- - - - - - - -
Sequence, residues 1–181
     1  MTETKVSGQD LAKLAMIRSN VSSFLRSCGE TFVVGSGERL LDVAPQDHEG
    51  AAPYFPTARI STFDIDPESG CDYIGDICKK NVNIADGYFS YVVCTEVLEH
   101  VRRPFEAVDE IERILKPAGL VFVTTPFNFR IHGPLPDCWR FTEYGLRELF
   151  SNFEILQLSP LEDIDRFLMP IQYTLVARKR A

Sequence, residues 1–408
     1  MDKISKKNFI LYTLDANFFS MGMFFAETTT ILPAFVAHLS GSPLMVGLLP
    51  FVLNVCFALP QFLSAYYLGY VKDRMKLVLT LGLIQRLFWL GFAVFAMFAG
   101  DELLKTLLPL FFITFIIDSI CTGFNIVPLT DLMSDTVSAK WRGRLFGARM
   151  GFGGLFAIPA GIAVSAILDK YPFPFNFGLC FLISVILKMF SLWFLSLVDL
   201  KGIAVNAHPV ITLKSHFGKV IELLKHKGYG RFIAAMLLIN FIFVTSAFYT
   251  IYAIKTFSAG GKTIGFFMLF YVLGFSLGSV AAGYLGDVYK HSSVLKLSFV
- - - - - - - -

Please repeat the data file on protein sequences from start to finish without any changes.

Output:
Sequence, residues 1–181
     1  MTETKVSGQD LAKLAMIRSN VSSFLRSCGE TFVVGSGERL LDVAPQDHEG
    51  AAPYFPTARI STFDIDPESG CDYIGDICKK NVNIADGYFS YVVCTEVLEH
   101  VRRPFEAVDE IERILKPAGL VFVTTPFNFR IHGPLPDCWR FTEYGLRELF
   151  SNFEILQLSP LEDIDRFLMP IQYTLVARKR A

Sequence, residues 1–408
     1  MDKISKKNFI LYTLDANFFS MGMFFAETTT ILPAFVAHLS GSPLMVGLLP
    51  FVLNVCFALP QFLSAYYLGY VKDRMKLVLT LGLIQRLFWL GFAVFAMFAG
   101  DELLKTLLPL FFITFIIDSI CTGFNIVPLT DLMSDTVSAK WRGRLFGARM
   151  GFGGLFAIPA GIAVSAILDK YPFPFNFGLC FLISVILKMF SLWFLSLVDL
   201  KGIAVNAHPV ITLKSHFGKV IELLKHKGYG RFIAAMLLIN FIFVTSAFYT
   251  IYAIKTFSAG GKTIGFFMLF YVLGFSLGSV AAGYLGDVYK HSSVLKLSFV